New asthma treatment hits the shelves, ARNUITY ELLIPTA
Asthma Australia welcomes the new GSK Australia once-daily ARNUITY ELLIPTA asthma treatment soon to be added to the shelves of Australian Pharmacies and listed on the Pharmaceutical Benefits Scheme, announced this week. Asthma Australia is the nation’s peak body representing the 2.7 million Australians with asthma and said with more than 15 asthma inhalers now on the market it was important for both prescribers and patients to know how ARNUITY ELLIPTA fits in.
“We’re pleased to see a new asthma preventer treatment reimbursed by the PBS and made available on the Australian market,” said CEO of Asthma Australia Michele Goldman. “The inhaler is suitable as a first-line treatment option for people with asthma aged 12 years and over,” she said. However, Asthma Australia urges prescribers to consider cost of medications with their patients.
As ARNUITY ELLIPTA contains 30 doses per prescription, people with asthma would need to buy a new inhaler once per month with daily use. With the PBS subsidy, the ARNUITY ELLIPTA 100mcg dose inhaler at full price will cost up to $34 and the higher dose of 200mcg will cost up to $40, each month. For those on concession or pension cards, the ARNUITY ELLIPTA PBS prescription is priced at $6.50. In comparison, other treatments can yield up to three months’ supply for a maximum price of $40 per device, at full price.
“Prescribers need to take this into consideration and talk to a patient about their personal circumstances before prescribing asthma medication. Unaffordable medicine is not the right medicine. This may include frequent doctor’s bills to renew prescriptions regularly,” said Ms Goldman.
However, she said the benefits of the once-daily inhaler medication might result in people being more inclined to use it, meaning better asthma control. Just one dose per day is much more convenient, it may mean less skipping or forgetting doses which is much better overall,” she said.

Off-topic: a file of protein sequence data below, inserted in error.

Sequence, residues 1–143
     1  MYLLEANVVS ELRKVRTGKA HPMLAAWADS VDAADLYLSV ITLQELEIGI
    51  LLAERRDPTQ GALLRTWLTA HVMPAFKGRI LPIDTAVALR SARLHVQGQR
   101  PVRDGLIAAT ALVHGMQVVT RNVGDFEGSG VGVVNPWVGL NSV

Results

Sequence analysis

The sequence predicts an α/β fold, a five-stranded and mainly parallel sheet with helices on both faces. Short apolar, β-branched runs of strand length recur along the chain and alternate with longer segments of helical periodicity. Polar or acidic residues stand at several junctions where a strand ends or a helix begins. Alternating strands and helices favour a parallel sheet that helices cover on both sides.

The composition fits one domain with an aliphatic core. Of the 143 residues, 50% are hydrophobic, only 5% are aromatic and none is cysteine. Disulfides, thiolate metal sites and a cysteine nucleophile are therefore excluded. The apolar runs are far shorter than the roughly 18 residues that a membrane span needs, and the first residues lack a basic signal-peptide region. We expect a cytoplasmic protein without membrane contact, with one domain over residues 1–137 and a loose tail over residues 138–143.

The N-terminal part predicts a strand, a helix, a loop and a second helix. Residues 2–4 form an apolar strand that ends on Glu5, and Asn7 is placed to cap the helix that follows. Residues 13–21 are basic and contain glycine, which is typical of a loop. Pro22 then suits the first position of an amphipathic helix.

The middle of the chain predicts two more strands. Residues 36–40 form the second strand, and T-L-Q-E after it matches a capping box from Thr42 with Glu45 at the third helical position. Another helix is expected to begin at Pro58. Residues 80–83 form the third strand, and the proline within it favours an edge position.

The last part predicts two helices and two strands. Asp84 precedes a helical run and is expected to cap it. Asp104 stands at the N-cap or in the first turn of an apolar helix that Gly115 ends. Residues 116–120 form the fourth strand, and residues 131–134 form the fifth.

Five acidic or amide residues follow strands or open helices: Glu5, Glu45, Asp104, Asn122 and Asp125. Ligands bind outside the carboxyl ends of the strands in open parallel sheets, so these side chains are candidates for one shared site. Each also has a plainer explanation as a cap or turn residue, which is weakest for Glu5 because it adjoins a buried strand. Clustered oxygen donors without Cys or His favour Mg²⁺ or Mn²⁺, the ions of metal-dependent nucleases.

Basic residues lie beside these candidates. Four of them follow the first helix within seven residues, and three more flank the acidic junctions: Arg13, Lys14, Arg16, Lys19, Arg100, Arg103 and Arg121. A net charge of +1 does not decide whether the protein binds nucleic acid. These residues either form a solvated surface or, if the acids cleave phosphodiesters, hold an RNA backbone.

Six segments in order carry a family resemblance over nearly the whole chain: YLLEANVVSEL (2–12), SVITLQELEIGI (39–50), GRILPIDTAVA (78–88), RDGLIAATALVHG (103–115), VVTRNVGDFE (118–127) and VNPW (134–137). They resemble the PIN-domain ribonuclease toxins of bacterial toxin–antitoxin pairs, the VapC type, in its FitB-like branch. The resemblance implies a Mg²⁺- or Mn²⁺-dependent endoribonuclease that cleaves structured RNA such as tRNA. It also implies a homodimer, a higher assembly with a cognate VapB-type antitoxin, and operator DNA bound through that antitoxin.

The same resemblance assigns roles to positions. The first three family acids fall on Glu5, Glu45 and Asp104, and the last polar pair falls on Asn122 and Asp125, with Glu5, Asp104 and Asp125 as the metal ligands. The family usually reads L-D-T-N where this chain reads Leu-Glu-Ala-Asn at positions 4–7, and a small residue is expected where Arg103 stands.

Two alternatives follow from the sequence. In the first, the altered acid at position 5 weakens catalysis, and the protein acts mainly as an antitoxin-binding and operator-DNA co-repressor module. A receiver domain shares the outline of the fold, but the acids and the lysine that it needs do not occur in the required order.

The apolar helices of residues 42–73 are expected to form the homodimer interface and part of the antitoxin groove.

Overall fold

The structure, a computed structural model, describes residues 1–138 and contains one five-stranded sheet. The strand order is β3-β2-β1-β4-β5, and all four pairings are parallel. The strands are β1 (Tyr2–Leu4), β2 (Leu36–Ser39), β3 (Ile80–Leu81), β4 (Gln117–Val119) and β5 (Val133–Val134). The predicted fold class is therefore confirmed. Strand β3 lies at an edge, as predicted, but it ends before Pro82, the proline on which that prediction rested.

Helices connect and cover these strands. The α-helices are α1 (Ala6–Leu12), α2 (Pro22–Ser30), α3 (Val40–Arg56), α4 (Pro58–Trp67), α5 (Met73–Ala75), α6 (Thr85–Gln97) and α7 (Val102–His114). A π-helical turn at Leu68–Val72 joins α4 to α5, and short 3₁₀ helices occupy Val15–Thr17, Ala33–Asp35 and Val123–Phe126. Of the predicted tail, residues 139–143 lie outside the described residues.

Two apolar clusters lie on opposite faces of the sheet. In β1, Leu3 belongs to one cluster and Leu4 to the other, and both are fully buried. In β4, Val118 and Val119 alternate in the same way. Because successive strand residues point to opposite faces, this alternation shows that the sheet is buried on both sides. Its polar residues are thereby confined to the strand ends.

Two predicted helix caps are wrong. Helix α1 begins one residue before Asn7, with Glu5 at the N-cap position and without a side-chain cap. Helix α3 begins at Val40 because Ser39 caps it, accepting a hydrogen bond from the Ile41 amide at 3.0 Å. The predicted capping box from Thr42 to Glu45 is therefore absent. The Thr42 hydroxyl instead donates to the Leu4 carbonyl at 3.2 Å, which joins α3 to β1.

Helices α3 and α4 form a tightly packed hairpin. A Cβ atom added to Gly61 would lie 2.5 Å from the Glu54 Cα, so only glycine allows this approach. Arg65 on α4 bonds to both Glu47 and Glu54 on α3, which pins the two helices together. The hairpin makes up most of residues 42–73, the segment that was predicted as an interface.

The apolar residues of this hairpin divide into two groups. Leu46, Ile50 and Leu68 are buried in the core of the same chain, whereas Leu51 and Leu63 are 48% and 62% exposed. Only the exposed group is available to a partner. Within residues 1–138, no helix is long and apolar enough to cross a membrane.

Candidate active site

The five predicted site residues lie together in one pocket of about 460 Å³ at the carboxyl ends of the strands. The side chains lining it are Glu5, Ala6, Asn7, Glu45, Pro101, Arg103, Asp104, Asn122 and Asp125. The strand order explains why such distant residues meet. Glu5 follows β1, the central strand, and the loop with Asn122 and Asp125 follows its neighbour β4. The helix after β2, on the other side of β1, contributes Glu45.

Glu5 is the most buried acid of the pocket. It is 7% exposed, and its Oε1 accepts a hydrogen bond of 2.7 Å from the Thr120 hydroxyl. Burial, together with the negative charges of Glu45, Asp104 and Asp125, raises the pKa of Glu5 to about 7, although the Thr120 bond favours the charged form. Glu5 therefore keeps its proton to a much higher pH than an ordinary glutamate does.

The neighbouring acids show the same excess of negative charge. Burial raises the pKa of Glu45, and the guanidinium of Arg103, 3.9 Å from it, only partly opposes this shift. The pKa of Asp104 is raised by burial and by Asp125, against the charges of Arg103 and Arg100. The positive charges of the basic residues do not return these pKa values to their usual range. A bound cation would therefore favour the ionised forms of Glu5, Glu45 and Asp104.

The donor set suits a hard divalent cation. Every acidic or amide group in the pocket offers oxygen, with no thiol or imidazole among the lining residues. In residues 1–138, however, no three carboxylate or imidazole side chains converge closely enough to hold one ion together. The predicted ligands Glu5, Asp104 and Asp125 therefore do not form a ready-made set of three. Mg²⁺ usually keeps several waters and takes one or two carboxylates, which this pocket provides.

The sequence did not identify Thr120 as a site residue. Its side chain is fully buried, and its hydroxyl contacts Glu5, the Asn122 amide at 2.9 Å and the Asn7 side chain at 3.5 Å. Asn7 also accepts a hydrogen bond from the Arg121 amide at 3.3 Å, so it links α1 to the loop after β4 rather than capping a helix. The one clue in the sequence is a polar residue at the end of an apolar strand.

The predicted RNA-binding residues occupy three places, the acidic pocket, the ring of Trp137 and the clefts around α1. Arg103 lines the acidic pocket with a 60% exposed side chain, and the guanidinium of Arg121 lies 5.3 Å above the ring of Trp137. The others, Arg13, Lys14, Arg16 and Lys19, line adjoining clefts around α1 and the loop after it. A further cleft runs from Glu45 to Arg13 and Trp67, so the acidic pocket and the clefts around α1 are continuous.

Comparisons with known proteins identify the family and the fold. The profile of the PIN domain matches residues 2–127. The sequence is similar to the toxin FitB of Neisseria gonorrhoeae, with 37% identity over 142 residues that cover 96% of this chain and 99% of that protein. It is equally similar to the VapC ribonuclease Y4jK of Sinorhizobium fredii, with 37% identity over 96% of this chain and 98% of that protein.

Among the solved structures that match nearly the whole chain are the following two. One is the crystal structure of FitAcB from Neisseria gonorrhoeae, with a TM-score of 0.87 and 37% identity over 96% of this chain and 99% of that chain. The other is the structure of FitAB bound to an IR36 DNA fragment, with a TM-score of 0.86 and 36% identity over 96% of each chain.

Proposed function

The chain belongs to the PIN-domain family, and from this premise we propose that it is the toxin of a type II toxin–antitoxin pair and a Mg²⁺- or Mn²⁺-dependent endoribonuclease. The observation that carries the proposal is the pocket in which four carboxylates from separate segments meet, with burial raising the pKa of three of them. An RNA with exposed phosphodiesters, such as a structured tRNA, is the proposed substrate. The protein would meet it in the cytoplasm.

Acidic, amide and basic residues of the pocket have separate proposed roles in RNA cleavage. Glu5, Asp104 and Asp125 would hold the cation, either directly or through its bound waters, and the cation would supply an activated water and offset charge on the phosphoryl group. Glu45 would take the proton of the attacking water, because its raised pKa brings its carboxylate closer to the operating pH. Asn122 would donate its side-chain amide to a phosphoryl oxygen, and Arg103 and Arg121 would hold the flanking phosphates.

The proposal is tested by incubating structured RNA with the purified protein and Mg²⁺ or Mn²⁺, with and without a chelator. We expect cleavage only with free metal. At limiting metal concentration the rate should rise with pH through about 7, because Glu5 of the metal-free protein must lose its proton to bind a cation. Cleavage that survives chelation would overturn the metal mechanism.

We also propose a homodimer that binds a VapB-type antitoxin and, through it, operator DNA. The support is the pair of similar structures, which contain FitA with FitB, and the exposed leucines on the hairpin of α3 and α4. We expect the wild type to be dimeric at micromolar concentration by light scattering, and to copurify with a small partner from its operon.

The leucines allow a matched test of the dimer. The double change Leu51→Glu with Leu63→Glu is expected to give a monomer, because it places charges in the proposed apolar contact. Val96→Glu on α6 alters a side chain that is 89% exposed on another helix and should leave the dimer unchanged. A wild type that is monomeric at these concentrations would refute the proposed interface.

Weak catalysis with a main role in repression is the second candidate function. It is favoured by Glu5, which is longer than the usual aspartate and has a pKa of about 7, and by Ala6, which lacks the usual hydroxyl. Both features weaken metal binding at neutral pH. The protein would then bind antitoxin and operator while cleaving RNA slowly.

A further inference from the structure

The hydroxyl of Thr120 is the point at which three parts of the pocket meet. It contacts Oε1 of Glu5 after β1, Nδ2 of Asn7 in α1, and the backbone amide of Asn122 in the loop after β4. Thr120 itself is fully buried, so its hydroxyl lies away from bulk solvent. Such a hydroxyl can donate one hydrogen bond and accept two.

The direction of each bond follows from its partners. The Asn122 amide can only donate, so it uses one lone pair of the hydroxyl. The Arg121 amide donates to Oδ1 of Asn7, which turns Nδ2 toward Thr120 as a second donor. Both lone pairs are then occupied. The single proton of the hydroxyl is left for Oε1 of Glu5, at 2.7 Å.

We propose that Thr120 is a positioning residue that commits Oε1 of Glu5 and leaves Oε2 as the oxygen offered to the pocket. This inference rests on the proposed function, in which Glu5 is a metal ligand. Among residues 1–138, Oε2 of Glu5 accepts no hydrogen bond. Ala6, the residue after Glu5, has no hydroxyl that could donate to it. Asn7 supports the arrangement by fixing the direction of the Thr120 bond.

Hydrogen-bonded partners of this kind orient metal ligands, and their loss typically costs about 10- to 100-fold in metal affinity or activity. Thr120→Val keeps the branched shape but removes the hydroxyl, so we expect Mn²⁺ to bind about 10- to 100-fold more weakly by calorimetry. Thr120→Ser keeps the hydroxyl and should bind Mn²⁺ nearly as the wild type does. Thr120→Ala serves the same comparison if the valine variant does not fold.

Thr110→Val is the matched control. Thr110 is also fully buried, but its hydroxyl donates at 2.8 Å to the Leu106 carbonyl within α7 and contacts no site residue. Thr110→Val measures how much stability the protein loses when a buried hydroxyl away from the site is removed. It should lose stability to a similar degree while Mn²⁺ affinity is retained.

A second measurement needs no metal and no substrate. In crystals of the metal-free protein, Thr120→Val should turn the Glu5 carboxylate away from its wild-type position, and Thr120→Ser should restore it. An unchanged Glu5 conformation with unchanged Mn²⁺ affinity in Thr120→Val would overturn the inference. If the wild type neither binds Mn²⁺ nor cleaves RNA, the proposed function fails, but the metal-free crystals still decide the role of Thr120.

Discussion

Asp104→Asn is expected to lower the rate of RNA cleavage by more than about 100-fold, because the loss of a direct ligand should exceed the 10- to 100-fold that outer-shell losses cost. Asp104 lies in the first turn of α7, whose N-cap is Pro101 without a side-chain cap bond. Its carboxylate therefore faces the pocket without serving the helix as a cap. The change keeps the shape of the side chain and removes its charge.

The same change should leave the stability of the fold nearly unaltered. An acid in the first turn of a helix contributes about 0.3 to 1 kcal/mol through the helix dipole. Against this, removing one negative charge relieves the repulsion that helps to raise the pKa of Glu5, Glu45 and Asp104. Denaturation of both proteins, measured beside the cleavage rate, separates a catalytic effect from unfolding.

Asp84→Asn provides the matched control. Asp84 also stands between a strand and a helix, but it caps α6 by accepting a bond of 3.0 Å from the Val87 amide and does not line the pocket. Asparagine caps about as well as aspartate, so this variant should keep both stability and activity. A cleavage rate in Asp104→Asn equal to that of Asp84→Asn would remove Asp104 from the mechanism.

Image taken from GSK Patient Information Sheet.
According to Asthma Australia’s Asthma Educators, the device is easy to use so there is less potential for error. The device style of the ELLIPTA is particularly suited to the elderly or those with arthritis, vision impairments and low inspiratory flow.
“Apart from being very easy to use, the device design means those with arthritis do not have to push down on a canister to release the medication, and there’s a large dose meter on the device for easy reading,” said Asthma Australia Educator, Karyn Oster. “I speak to people who have this issue, so this option is good from a device usability perspective,” she said.
Prescribers and pharmacists are being encouraged to give each patient with a prescription for the ARNUITY ELLIPTA a comprehensive overview of how to use the device correctly and to check a patient’s personal circumstance to ensure affordability is not a barrier to managing their asthma medication.
Visit the Pharmaceutical Benefits Scheme website for more information about medication prices at http://www.pbs.gov.au/pbs/home